So You’ve Out-Innovated Your Market

It’s 2013, and I’m running Product Management at Digby, a fast-growing mobile startup with a mobile marketing platform that allows you to send location-triggered notifications through your mobile app.

Retailers love it. “Wow!” they invariably say when we show them how a native app on an iOS or Android device can greet customers as they walk into store, send them a return coupon when they leave, or target anyone inside certain indoor or outdoor areas with a “blue light special.”

We’ve even signed contracts with a couple of very large retailers for very large money. Everything is awesome.

Then one day, one of our best salespeople gives me a call. “Doug, I was at the mall the other day and as I walked around I searched the Apple App Store for apps of different retailers. Do you know only about a quarter of the retailers there even had apps?”

“Yeah, that sounds right,” I reply. “But that’s just mall retailers and we still have a really big market. Let’s just focus on the part of the market where they’ve already got apps.”

The First Step is Admitting There’s a Problem

I was rationalizing. What I later came to realize is that committing to native apps was just the first step. Most retailers with apps still weren’t even using notifications with their apps, much less location-sensitive ones.

You see, everyone in your market will say “wow” when they see cool technology that could have a great impact on their businesses. But investing in it is a completely different thing, especially when innovations exist that have been around a longer time and are more widely adopted where they could choose to spend their money.

Our salespeople continued to report a lot of great first meetings, but few second meetings. We had a competitor who was making serious hay by focusing on simple blast notifications, not the cool location-sensitive ones. Despite our early success, it began to dawn on me.

We had out-innovated our market.

What’s a Product Owner to Do?

In this situation, the worst thing you can do is decide to hang around and think “the market will catch up to me.” The market moves toward innovation at a glacial pace. This is why so much of startup success is based on timing. You do not have enough time to wait, even if you think you do. Here are some real solutions you can consider:

Solution #1: Innovation Concierge

One thing you can do is essentially provide services that makes the innovation more turnkey. Don’t have a native app? We’ve got native-app-in-a-box with our tech already integrated! Don’t know how to write and execute on a marketing plan for mobile notifications? We’ll write it and we’ll even do it for you!

This can work. For us, it didn’t. There was too much work for the concierge to do for most of the market, so it was just too costly. We developed and tried to sell app-with-notifications-in-a-box, but it was too much for a retailer to chew on.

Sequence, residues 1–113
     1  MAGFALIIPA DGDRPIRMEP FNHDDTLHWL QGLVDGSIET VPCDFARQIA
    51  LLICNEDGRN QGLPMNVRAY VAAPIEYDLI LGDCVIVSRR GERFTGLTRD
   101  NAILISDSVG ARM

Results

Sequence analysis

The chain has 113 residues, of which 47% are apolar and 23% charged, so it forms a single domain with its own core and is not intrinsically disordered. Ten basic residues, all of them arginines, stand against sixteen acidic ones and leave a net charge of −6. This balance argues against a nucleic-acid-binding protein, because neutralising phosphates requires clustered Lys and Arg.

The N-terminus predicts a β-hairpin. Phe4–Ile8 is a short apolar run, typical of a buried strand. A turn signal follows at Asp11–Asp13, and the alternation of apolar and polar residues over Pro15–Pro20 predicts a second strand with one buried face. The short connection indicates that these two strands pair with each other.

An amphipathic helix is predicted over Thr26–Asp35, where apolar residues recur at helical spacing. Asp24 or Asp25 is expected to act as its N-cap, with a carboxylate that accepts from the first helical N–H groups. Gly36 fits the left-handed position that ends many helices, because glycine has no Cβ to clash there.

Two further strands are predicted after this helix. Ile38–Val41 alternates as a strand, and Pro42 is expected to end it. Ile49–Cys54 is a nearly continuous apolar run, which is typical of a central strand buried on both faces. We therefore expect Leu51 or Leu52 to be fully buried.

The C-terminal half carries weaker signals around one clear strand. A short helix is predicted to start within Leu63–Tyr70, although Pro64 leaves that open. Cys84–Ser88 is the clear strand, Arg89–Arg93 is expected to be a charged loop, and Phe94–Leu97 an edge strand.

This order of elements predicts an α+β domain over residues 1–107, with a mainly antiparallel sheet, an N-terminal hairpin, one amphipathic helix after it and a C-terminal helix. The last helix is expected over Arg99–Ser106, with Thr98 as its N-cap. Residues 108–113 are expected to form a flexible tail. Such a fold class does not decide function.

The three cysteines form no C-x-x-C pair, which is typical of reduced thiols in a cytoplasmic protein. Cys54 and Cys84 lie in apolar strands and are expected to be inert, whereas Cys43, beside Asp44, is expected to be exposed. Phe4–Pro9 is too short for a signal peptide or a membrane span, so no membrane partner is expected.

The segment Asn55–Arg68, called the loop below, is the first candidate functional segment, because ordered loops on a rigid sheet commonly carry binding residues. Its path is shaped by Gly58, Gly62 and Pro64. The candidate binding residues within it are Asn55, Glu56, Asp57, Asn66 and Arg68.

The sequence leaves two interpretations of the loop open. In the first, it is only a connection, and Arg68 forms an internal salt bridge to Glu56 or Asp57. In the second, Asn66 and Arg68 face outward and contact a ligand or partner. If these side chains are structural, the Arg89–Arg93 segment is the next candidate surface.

An example of where this DID work is for Bazaarvoice, the now-public-once-startup whose major success was launching product ratings and reviews for nearly every retailer who is online. A big hurdle for retailers was moderating those reviews. No retailer was equipped to filter reviews appropriately themselves, so Bazaarvoice just bundled that service with the technology. They made it turnkey, and it blew up (in a good way).

Solution #2: Expand Your Market

Early adopters make up 10% (or sometimes less) of any market. One way to keep the party going is to expand your market so that the 10% gets bigger. Ways to expand your market are diverse. You can extend out to a new persona/segment. If you are targeting the Fortune 1000, you can come out with a version of your product that is targeted at small-to-mid-sized businesses. This is an investment, but sometimes it can be a matter of packaging or small product modifications.

We thought about doing a few things in this direction, but ultimately there wasn’t any way for us to do it that was easy cost-effective. We were a bit too painted into a corner market and technology-wise.

Solution #3: De-Innovate

It’s the most painful thing that innovation-minded teams can do, but you have to build backward toward your market. If your product is the advanced course, build the introductory course and use that as a bridge to the advanced. Instead of being the core of your offering, your advanced tech becomes your differentiator.

This we did, and it worked reasonably well for us. We built backward to handle simple blast notifications, and started to add well-trodden features like ways to target segments of users. These were things that marketers at retailers were already doing with email, so this felt much more familiar and less risky. Being able to send blast messages on mobile first and then step up to location-based messages helped us unlock another part of the market.